What Home Renovations Get You the Best Return?

When you’re renovating or flipping a house it’s important to know which updates provide the most bang for your buck. It’s very easy to sink a lot of money into a renovation that seems like it will have a good return only to find that you won’t come close to making that money back. And there are renovations that have a surprisingly good return.

Which fixes fall into the high ROI category? Let’s take a look at what Remodel Magazine’s annual study and other industry experts have to say.

Replacing the Front Door

If you only do one renovation, make it a new front door that’s steel. It’s an immediate curb appeal booster and improves security - two things that appeal to all home buyers.

Remodel Magazine’s research revealed that installing a new steel door has a return of 91.3% on average. Given that it’s a relatively low-cost update, a new front door is something that fits even a tight reno budget.

Garage Door Replacement

Another door you’ll want to replace is the garage door -- especially if it isn’t motorized or doesn’t work. In most cases, it has an almost dollar for dollar return, and it goes a long way towards improving the curb appeal as well.

Add a Few Coats of Fresh Paint

One of the most cost-effective renovation projects is painting. The cost of materials is low, it’s easy to do yourself and painting makes a huge impact. Agents agree a fresh coat of paint can make a home look a lot better. A 2012 Home Gain survey backed this up by estimating that DIY interior paint had a 107% ROI. Painting the exterior can also be a good investment but the return isn’t as good because the project is usually handled by pros.

Insulate the Attic

It may not be obvious at first glance, but insulation is an improvement worth making. Energy efficiency is a big deal to today’s buyers. It’s not only good for the earth, but it’s also good for the wallet - especially your wallet. In 2017, Remodel Magazine estimated that adding attic insulation had a return of 108%. If you’re flipping, the insulation will also reduce utility costs for a few months, which improves the gross profit.

Add Manufactured Stone to the Exterior

Real stone can get very pricey real quick. But the new manufactured stone veneer siding looks just as good, is a fraction of the price and has a 97.1% return. It can be used around the exterior walls, porches and retainer walls. You can also use it to give a fireplace a facelift.

Roof Repairs or Replacement

If the roof is leaking it’s definitely worth it to repair or replace. A leaky roof is a structural concern that’s going to bring down the value of the home and can lead to more costly problems down the road. Real estate experts agree with Remodel Magazine that a roof replacement is a good investment with an ROI above major kitchen remodels.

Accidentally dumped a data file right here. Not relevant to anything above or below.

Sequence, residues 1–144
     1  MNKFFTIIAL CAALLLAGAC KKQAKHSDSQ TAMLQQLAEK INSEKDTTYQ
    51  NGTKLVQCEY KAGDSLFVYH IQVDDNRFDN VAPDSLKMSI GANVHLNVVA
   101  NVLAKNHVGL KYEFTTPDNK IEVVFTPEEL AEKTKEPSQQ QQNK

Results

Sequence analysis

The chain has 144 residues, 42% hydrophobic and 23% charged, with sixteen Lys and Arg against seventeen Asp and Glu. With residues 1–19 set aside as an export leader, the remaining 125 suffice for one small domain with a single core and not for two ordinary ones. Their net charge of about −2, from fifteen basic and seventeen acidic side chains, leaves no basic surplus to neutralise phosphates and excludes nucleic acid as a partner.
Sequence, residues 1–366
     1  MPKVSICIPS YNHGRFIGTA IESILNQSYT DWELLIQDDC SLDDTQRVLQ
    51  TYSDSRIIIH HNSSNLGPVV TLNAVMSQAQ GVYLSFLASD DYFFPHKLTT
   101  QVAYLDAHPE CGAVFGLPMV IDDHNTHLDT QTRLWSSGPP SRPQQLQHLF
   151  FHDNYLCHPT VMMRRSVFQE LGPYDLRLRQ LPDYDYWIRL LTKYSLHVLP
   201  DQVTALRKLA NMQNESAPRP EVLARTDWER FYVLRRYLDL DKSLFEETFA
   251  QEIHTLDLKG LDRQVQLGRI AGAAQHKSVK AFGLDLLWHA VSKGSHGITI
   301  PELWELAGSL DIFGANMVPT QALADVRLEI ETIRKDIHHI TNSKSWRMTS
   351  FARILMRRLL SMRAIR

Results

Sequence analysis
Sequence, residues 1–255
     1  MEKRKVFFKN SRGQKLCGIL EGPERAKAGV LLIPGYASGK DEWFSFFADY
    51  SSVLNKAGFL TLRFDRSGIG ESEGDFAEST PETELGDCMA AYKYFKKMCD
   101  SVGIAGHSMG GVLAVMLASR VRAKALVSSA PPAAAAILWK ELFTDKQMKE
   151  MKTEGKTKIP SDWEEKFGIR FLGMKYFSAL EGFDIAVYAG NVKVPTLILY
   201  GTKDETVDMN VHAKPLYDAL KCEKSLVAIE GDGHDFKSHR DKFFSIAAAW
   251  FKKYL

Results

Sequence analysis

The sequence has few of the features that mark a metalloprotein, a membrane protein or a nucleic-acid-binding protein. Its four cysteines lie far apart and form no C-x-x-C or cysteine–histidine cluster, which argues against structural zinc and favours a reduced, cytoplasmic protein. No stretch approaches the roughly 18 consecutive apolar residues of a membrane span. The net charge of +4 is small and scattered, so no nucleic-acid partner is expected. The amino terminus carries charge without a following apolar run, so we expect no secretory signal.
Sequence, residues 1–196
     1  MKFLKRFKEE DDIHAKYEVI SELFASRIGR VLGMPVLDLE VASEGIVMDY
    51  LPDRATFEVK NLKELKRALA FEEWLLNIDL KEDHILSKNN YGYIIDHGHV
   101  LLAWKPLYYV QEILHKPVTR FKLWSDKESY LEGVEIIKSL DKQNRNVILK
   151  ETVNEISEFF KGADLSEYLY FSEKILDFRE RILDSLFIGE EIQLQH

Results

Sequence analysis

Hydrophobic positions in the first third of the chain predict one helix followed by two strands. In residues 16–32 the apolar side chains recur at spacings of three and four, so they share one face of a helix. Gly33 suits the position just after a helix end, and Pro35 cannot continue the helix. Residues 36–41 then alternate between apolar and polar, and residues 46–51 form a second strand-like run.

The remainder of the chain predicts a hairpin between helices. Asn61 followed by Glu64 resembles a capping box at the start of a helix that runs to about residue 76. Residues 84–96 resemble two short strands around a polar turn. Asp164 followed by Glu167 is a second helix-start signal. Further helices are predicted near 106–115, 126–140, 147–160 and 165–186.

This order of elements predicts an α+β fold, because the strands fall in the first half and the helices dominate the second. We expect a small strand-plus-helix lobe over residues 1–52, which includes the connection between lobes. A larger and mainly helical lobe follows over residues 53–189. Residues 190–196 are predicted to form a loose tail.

Minor Kitchen Remodel

If you are going to spruce up the kitchen you don’t have to go all out with a complete tear down to the studs. You’ll recoup more of the cost from a minor kitchen remodel that involves things like replacing the countertops, painting the cabinets and adding new hardware. Sure, everyone wants a big beautiful island, but adding one may not boost the value enough to justify the cost.

Some Things to Keep in Mind . . .

How big of a return certain renovations bring in can vary depending on location . Remodel Magazine has broken their research down by region because of this variable. For example, a midrange wood deck addition may have an 82.8% return nationally, but in the warm South Atlantic region the project has an 88.4% ROI.

There’s also a difference in terms of the materials that are used. While it may seem like you’ll recoup more of the cost by doing a high-end renovation that doesn’t appear to be the case according to Remodel Magazine. On a whole, mid-range renovations have a better return than upscale renovations . Moral of the study - choose quality materials, but don’t think you have to go top-dollar to get ROI.

Sweat equity makes a big difference for ROI . The Remodel Magazine report is based on what contractors charge for a renovation. DIYing part or all of the project significantly reduces the cost and boosts the return.

Return on renovations can also be impacted by the surrounding homes . If all the other homes in the neighborhood have two bathrooms but yours only has one, then the return on a bathroom addition will be higher than the average. It’s about making your home comparable without overdoing it.

For flippers, the right renovations can have another direct benefit -- they reduce time on the market . In many cases, renovating is a must for a house flip. The fact a home needs work is usually why it’s a good deal to begin with. Flippers have to understand what buyers want in their market and focus on those updates in order to get an offer as quickly as possible since the longer you hold onto a house the less profit you make.

As Realtor.com experts points out, replace and repair is going to generally have a better return than add and remodel. So before you start making additions and knocking down walls, consider less involved renovations first if you want to maximize return.

Photo credits in order or appearance: Unsplash , Unsplash

Krista Doyle
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